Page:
The United Nations High Commissioner for Human Rights Michelle Bachelet yesterday raised concerns over the draft 20th Amendment to the Constitution.
Speaking during the opening session of the 45th UN Human Rights Council session, Bachelet noted concerns over the impact the 20th Amendment would have on the independence of key institutions, including the Sri Lanka Human Rights Commission.
Bachelet also noted her concerns that Sri Lanka was reneging on its commitments to the Human Rights Council.
“In Sri Lanka, I am troubled that the new government is swiftly reneging on its commitments to the Human Rights Council since it withdrew its support for resolution 30/1. Among other developments, the proposed 20th amendment to the Constitution may negatively impact on the independence of key institutions, including the National Human Rights Commission.”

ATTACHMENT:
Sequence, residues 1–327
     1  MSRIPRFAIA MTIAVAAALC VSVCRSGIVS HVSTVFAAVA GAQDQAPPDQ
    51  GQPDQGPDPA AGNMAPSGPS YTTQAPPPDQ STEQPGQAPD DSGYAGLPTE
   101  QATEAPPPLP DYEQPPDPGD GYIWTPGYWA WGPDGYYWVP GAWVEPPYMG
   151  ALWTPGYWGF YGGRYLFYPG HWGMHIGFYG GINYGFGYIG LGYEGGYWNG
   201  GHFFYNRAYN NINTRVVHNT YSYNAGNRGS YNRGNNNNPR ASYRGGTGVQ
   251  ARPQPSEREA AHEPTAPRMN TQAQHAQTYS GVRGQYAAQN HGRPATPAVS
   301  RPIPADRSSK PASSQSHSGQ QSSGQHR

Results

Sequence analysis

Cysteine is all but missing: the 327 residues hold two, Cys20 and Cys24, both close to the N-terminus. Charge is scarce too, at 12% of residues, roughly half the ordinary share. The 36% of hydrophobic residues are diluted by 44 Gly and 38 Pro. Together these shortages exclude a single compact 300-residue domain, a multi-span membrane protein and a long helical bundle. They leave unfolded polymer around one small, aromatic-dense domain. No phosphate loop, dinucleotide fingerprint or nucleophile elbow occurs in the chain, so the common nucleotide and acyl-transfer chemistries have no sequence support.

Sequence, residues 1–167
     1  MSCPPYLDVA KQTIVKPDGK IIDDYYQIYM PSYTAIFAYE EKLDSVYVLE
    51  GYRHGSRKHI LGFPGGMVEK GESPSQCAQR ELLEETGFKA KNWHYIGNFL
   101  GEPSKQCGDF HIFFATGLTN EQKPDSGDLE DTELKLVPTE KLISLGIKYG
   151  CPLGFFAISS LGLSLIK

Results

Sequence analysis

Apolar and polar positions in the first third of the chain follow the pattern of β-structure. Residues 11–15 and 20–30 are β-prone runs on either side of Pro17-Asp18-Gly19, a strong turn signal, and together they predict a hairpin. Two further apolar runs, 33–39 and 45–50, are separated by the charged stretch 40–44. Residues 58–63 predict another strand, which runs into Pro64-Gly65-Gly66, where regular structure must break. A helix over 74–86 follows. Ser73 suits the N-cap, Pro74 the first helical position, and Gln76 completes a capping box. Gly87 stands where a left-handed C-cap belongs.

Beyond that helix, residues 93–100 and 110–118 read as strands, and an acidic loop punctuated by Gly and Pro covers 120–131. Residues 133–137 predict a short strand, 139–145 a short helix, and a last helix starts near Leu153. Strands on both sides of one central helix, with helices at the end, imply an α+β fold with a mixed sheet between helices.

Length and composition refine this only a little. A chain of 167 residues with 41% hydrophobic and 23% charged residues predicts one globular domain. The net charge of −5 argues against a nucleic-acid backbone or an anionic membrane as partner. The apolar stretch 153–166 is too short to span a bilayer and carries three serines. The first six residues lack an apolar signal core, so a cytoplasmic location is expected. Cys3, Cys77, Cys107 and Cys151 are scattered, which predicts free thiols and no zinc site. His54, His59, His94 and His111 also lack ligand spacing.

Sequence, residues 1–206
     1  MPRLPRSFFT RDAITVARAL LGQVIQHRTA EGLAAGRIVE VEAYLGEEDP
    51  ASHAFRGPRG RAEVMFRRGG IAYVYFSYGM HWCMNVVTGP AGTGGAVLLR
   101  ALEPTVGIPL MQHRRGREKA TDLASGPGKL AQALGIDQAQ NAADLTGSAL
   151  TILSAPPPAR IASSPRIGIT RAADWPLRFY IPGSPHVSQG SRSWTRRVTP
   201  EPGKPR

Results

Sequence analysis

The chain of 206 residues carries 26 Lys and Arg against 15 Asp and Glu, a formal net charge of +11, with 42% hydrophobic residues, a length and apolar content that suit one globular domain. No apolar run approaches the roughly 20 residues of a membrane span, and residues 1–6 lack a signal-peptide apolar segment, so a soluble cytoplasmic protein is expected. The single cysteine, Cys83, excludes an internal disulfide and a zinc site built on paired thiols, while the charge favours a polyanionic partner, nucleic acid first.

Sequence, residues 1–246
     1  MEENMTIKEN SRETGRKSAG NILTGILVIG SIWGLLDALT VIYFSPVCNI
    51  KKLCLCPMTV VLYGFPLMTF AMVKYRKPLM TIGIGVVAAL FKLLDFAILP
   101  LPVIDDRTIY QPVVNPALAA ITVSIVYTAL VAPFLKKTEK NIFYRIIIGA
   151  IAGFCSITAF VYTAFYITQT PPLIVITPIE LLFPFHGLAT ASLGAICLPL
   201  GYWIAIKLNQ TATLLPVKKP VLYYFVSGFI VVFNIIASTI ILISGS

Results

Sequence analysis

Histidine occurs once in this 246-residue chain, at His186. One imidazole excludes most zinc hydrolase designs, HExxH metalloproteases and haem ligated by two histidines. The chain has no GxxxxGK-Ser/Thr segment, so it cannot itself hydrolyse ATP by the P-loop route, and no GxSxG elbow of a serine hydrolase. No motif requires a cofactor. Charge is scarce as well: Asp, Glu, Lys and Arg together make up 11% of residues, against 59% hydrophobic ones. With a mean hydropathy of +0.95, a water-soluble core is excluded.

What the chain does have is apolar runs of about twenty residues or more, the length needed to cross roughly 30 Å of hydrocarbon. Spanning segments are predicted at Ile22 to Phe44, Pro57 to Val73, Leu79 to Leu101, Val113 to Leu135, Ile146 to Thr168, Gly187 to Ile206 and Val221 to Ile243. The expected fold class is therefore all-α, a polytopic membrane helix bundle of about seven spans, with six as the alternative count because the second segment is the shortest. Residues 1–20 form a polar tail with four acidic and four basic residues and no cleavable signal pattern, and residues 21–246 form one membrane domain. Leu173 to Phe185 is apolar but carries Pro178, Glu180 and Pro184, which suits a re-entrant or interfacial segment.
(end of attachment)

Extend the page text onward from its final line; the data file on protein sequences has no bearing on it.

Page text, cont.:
She also said that the pardon given in March to a former Army sergeant convicted of participating in unlawful killings, appointments to key civilian roles of senior military officials allegedly involved in war crimes and crimes against humanity; and moves within the police and judiciary to thwart the investigation of such crimes, set a very negative trend.
Bachelet also said that the surveillance and intimidation of victims, their families, human rights defenders, journalists, and lawyers should cease immediately.
She encouraged the Council to give renewed attention to Sri Lanka in view of the need to prevent threats to peace, reconciliation, and sustainable development.